Ofgem’s new rules could harm the people they’re supposed to help

Is this an example of a well-intentioned scheme backfiring, or of an ill-intentioned plan doing exactly what it’s supposed to?

In response to a backlash after it was discovered that employees of some energy suppliers, including British Gas, had been breaking into the homes of people who had been defaulting on their bill payments to forcibly install pre-payment meters, the regulator Ofgem has imposed new rules.

Energy firms have agreed to the voluntary code. It includes a ban on forcibly installing prepayment meters in the homes of people over the age of 85.

Companies will only be able to force the change if they stick to a set of voluntary restrictions and must make at least 10 attempts to contact a customer.

They must also carry out a site welfare visit before a such a meter can be installed and will need to avoid forced installations where a “continuous supply” of energy is needed for health reasons, such as for the terminally ill.

Energy firms will also be required to make representatives fitting meters wear body cameras or audio equipment.

But some have warned that the new rules aren’t good enough:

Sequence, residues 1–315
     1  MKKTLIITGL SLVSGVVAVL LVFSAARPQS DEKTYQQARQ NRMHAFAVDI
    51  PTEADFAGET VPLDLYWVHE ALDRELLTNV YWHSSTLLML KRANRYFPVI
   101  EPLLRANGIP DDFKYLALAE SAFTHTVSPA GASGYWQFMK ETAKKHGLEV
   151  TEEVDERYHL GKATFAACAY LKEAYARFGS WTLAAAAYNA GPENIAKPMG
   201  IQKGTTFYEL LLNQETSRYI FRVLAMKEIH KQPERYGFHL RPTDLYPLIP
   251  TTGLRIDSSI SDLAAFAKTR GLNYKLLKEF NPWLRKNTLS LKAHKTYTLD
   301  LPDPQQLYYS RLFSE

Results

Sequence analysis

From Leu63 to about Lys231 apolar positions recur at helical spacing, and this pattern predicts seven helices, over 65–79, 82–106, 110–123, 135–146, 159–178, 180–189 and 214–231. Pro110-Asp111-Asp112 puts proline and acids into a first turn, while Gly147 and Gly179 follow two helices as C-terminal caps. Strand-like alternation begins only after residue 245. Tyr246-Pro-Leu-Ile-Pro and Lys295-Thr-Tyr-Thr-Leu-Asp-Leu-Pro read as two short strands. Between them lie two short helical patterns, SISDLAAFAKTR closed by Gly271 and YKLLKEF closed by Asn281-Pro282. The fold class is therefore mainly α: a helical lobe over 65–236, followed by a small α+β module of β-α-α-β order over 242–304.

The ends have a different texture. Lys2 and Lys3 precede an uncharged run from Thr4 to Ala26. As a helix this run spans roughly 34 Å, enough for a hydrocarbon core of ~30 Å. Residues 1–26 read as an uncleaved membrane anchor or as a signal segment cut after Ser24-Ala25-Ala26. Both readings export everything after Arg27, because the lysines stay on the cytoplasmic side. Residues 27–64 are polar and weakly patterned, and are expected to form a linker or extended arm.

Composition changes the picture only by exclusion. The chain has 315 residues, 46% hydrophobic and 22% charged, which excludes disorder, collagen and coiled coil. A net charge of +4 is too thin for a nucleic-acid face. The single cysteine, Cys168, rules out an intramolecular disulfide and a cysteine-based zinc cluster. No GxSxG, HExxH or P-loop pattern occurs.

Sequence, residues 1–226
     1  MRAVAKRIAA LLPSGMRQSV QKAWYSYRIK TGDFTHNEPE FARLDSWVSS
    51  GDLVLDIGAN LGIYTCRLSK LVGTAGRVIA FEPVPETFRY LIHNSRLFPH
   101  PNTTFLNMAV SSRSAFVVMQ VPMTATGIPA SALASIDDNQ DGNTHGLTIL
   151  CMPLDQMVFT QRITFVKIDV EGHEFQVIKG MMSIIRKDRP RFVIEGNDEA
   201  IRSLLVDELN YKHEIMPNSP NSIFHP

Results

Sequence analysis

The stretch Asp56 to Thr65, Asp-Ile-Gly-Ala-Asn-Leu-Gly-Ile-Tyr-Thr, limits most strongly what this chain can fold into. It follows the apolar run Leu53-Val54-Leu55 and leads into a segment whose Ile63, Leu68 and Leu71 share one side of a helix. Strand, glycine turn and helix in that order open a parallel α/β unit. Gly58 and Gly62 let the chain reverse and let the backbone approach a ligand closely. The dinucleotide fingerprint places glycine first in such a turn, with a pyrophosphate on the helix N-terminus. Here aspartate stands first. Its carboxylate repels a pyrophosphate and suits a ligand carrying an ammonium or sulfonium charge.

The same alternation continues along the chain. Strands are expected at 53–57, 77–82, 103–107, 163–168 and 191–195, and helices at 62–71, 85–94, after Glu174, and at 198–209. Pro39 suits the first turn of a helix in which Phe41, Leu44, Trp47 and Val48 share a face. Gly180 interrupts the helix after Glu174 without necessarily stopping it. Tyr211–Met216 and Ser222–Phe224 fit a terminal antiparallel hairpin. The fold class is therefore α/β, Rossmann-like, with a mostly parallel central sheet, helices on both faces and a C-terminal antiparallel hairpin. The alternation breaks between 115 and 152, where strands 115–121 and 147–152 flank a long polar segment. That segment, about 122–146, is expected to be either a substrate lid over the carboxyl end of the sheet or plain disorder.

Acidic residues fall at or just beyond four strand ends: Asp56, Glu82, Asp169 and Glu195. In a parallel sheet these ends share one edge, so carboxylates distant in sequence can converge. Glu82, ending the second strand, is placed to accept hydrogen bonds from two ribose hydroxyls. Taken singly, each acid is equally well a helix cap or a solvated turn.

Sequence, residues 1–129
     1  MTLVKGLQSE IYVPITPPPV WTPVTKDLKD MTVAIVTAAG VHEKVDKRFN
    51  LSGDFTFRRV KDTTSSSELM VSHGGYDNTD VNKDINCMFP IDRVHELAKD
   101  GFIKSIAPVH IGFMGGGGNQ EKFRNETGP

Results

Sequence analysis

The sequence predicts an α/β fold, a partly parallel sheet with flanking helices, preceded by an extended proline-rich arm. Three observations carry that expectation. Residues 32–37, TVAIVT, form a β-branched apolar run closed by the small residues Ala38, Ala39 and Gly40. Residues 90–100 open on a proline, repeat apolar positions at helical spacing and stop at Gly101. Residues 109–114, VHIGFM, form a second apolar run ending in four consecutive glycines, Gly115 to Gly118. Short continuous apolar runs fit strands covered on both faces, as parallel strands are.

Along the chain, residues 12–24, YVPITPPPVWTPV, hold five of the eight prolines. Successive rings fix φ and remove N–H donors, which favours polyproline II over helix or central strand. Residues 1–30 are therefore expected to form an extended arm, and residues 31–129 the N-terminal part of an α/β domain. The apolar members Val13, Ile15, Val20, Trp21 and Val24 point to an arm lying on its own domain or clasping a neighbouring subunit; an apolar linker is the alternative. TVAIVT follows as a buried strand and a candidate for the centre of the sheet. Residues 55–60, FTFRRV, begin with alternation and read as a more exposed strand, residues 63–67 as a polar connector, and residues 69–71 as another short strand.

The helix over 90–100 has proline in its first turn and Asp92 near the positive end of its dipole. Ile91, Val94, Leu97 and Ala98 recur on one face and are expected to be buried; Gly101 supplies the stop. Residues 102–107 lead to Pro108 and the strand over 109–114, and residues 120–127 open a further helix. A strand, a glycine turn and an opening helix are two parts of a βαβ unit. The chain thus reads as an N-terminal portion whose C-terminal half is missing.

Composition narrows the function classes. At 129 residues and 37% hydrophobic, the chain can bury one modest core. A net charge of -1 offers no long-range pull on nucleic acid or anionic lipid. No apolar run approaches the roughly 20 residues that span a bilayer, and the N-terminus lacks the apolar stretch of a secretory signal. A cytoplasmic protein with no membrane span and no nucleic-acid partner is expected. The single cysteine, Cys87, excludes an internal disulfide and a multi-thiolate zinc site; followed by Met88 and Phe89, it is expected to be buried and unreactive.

It seems Ofgem has not taken account of the fact that 29 per cent of households are now in debt to their energy supplier.

Critics say the regulator had an opportunity to introduce targeted debt relief for those who are most in need of it – but didn’t.

Nor has Ofgem considered the energy needs of people with disabilities or health conditions in its definition of the kind of vulnerability that would make a bill-payer exempt from having a pre-payment meter in any circumstances, it seems.

There is also the question of how people will prove their medical conditions without being humiliated by an energy firm health inspection.

Ofgem has said it will consult on whether the new code of practice can be made legally binding before the winter.

Labour seems to be in two minds about the situation. According to the Morning Star article mentioned above, Ed Miliband said Ofgem’s scheme was “not good enough”.

But Jonathan Ashworth seemed to have a different opinion:

Worse than that, the changes may mean energy bills increase – to cover their own cost:

How can that be, in any way, fair?

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2 thoughts on “Ofgem’s new rules could harm the people they’re supposed to help

  1. Debbie Wiles

    So, I chose to have a prepayment meter, so that I wouldn’t end up not being able to pay huge bills. Until this month, I was penalised for that by paying a higher standing charge. Now I, and millions of others, are going to be charged for other people’s inability to pay? Why doesn’t that cost come out of the energy company’s obscene profits?

    When will we get rid of the dependence on fossil fuels, and all pay a lower rate with purely renewables? I guess that won’t happen until everyone demands it (I do every chance I get).

  2. Paul Billanie

    My uncle was forced onto prepayment meter last year despite having a CPAP machine at night

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